He walked along the bottom of the lake, checking out the corners and the dark places. The fish examined him carefully, but didn't flee him immediately, and he soon began to enjoy himself. Then the fish all fled, rapidly vanishing almost before he could see where they had gone.
A shadow loomed above him, and a voice filled his mind, "Who are you? Why are you here?"
He looked up and saw a mighty serpent, curled in the water as if resting in a bowl. He looked at the creature in awe, and suddenly realized that he was facing another magical creature like himself, but one that did not look like his people.
His heart leaped within him in joy at finding a new person, and he answered boldly with his name, saying, "I have traveled away from my people to find out what the world is like, and I found this place and decided to explore it."
The deep green eyes of the serpent held him locked in a gaze, and the voice sprang up in his mind again, "This is my home, and you were not invited here. I would have you leave. NOW."
The troll felt confusion, and a little anger, but then stopped his rising ire and considered how he would have felt if the serpent had entered his home in the village without asking. And he then felt a little ashamed.
"I did not know," he said, "I will leave now as you ask, and I beg your forgiveness for my trespass."
Then he looked around, and realized he didn't have a clue how to leave, except to go back the way he had come... and he wasn't sure which way that was.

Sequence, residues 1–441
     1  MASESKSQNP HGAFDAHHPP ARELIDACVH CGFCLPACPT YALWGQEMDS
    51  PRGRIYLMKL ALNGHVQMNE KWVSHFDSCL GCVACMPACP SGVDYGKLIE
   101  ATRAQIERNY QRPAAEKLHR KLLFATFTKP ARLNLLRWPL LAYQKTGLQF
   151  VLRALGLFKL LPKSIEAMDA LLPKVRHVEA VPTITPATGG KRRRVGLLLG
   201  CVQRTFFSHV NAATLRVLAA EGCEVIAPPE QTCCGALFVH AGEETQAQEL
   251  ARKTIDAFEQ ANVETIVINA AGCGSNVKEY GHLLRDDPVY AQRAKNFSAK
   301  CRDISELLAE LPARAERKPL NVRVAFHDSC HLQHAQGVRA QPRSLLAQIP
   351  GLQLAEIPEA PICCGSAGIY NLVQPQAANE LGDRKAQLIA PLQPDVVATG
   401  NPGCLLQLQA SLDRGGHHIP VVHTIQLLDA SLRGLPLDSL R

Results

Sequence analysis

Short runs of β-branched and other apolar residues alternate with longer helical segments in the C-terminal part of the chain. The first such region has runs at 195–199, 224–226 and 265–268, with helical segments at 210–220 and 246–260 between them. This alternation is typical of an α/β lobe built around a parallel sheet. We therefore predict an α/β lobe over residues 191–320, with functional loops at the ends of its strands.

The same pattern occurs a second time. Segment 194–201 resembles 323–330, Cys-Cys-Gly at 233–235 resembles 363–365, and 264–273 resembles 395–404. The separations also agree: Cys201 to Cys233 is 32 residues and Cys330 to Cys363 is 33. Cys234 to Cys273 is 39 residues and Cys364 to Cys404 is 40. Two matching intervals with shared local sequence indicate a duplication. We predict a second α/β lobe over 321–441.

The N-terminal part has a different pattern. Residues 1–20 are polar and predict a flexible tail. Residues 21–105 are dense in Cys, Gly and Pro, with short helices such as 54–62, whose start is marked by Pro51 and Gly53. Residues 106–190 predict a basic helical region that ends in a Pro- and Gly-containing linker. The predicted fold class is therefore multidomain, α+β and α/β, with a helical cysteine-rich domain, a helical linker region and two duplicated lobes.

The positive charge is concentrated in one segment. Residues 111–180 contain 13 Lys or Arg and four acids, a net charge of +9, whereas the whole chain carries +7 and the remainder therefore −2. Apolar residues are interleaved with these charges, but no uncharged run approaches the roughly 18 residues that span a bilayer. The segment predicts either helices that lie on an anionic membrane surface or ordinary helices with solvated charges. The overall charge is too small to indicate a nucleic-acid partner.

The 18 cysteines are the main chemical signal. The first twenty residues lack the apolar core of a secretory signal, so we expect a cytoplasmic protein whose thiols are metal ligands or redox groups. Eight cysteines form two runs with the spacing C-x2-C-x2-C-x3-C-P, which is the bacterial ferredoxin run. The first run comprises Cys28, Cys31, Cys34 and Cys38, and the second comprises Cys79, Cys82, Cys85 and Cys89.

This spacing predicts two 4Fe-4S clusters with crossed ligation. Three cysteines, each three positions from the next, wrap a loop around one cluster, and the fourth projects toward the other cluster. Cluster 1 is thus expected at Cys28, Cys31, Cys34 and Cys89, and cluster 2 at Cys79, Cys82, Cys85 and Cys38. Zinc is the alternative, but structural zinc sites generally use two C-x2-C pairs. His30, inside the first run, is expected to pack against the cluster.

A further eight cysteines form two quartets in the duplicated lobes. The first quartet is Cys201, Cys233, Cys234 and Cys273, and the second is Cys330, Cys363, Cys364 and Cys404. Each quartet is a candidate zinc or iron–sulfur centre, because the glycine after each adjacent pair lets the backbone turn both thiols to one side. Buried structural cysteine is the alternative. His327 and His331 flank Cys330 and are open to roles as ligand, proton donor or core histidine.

The serpent regarded him, then said, "I will take you to the surface, since you appear to be lost."
Then the serpent lunged at the troll, who stepped back in alarm before realizing that the serpent had stopped to allow him to ride on its broad back. He gingerly stepped up, and found that some power held him safely in place as they glided through the water. The troll watched as much as he could, but once they had risen a little above the floor of the lake, he couldn't see much around him except the water.
When at last they broke the surface, he gasped at the strange sensation of the air against his skin, and watched as the shore approached rapidly. The troll watched the shore approach, and before he could blink three times the serpent was next to a smooth flat rock by the water's edge.
The troll carefully stepped off, and faced his fellow magical being. The voice again filled his head.
"I see that you meant me no harm," it said, "and I thank you for leaving promptly. This rock is my front door. If you wish to talk to me again, please tap on it three times with your walking stick. I will come if I can."
The serpent regarded the troll a moment longer, then said, "I would hear of the world that you find. Please return and tell me about it."
The troll found it within him then to smile, and he bowed to the serpent saying, "I will return here, once I've seen more of the world. Thank you for your help."
Then he watched as the serpent vanished with barely a ripple into the lake, going so quickly that he wasn't sure if he imagined the dark shape speeding off.
He looked around, and realized he was now on the far shore from his home. He recognized the mountains around him, and after a moment's thought, he turned his back to the shore and walked away, both from the lake and from his home.